S.T. told the district court that followingthis visit, she was concerned for her safety and the safety of her child, andthat she believed testifying at Cox’s trial would put her in danger. The court asked S.T. whether she tookanything said by R.J. or Cox’s mother as a threat, and S.T. responded that “[i]t’snot just—you can simply ask somebody something like that, but to actually cometo somebody’s house and tell that somebody is not about to do it, is a threatto me.” S.T. added:
So by telling mehe’s not about to do this time, it’s basically telling me that with or withoutyou he is not about to do this time. Soyou have a choice, and if I don’t make the right choice, then they not comingout saying what the possibility of something happening, but that’s just how Itook it.

The district court then discussedwith S.T. the possibility of holding her in contempt if she did not testify,including the potential of S.T. going to jail.S.T. responded, “It’s not my thing that I just don’t feel [like]testifying. It’s really a simple factthat I don’t feel safe testifying.” S.T.also stated that the encounter with R.J. and Cox’s mother was the only reasonshe did not want to testify. At the endof the State’s direct examination of S.T., the State asked S.T., “If the judgesays today that he wants you to testify in front of this jury, will youtestify?” S.T. responded, “I don’t wantto.” The State then said to S.T., “Iknow you don’t want to. If the courtordered you to, would you testify or would you not?” S.T. responded, “I don’t know.”
Following the hearing, the districtcourt issued a written order granting the State’s motion to introduce S.T.’sgrand jury testimony and released S.T. from the subpoena to testify at Cox’strial. The court determined that theState had proved that Cox forfeited his confrontation rights and that S.T.’sgrand jury testimony was admissible under the “catch-all” hearsay exception, see Minn. R. Evid. 807. In its findings of fact, the courtcharacterized S.T.’s disposition as “extreme reluctance . . . to testify.” The court found that even though “there wasnever an explicit threat to her, [S.T.] was clearly distressed by the situationand appeared to be legitimately in fear.”The court also noted that S.T. “would likely not testify before a jurybecause she fears that, in the event she testified at the trial of Defendant,either she and/or her child will be harmed.”Although the court recognized that “there is a possibility that [S.T.]would appear and be somewhat responsive to questions,” the court found that“[S.T.] would be very reluctant to testify on any point, and likely less thanforthcoming in the knowledge of the events of the weekend of February3-5,2007.”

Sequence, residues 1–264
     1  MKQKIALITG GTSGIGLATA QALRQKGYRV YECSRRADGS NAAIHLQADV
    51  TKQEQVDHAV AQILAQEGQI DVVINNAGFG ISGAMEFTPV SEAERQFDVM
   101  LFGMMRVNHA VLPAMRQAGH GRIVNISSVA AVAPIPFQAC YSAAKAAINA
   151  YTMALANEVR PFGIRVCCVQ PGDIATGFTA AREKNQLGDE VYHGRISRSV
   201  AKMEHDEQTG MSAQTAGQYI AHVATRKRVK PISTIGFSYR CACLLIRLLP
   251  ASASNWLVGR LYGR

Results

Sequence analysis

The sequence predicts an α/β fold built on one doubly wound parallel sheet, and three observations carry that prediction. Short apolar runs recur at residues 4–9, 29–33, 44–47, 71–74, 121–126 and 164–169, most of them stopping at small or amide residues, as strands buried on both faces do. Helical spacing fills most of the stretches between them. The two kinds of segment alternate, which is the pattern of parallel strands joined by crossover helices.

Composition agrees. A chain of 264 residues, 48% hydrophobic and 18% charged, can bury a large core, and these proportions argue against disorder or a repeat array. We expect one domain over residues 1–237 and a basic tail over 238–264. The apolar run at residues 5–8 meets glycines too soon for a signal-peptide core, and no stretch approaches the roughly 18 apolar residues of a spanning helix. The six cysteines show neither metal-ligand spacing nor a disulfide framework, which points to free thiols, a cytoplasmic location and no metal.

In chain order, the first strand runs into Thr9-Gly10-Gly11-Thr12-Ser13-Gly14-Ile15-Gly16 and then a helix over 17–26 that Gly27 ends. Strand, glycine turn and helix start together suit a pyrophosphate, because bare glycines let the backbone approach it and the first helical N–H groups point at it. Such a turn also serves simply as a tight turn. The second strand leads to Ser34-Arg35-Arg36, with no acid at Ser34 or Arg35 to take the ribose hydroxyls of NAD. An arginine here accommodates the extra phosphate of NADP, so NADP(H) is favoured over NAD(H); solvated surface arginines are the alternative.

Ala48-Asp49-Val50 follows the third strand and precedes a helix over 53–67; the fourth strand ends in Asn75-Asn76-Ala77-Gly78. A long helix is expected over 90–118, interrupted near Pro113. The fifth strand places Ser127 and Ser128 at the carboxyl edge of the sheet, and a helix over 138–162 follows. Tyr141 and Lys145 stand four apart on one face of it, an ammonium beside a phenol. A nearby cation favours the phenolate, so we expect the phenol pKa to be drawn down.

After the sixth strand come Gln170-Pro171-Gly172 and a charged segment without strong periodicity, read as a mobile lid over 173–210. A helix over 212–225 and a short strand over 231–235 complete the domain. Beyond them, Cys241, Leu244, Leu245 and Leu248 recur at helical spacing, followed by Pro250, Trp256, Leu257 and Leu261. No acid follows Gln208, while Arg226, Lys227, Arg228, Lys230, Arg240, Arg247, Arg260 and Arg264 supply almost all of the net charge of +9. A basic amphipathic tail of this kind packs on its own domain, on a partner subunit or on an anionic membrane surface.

In its order, the district courtdeclared S.T. unavailable to testify “as a practical and legal matter.” Further,the court found S.T.’s grand jury testimony credible and concluded that Cox hadengaged in wrongful conduct—“singl[ing] out [S.T.] . . . specifically becauseof her importance as a witness against him”—that was “the proximate cause of[S.T.’s] unavailability at trial.”
Grand Jury Testimony
When Cox’s trial resumed, S.T.’s grandjury testimony was read to the jury. In hertestimony, S.T. said that in February 2007 she lived alone in her BrooklynCenter apartment. At that point, she hadknown Cox for six years. Sometime on aSaturday night in February 2007, Cox and S.T. called a taxi to take them to anearby bowling alley. McIntyre joinedthem at the bowling alley. When thethree of them decided to leave, Cox called another taxi. During the ride, the driver,whom S.T. knew as Larry, said he needed the fare before dropping them off. S.T. recalled Cox becoming angry but did notremember what was said. S.T. paid thefare, and the driver dropped them off at S.T.’s apartment complex. After watching a movie and eating pizza, S.T.fell asleep.
S.T. testified that she woke up tothe sound of Cox shutting the door to her apartment. Cox asked if she had heard any gun shots, andS.T. said no. S.T. then overheard a conversation betweenMcIntyre and Cox. S.T. testified thatCox said “something about the cab driver grabbing his gun” and “something about[Cox] shooting [the cab driver] twice.”S.T. also testified that McIntyre admitted “he shot him once.” S.T. also overheard Cox say that the driverwas going to give him the money.
S.T. further testified that when shelooked out her window she saw a taxi cab “just sitting there.” She later heard a dog barking and sawflashing lights in the street. She testifiedthat Cox was pacing back and forth, and talking in an “amped up” way withMcIntyre. Cox told S.T. that he wasscared and that he had thrown up. Atsome point, S.T. lay down but could not sleep, while Cox and McIntyre remainedin the apartment. Later in the morning,the police knocked on S.T.’s door, but S.T. said she did not answer because Coxtold her not to. Cox told S.T. to call a neighbor to ask“what the police do when they come in your house.” After that, S.T. saw Cox and McIntyre“emptying their guns.” S.T. said thatone of the guns was black and the other one was black and silver.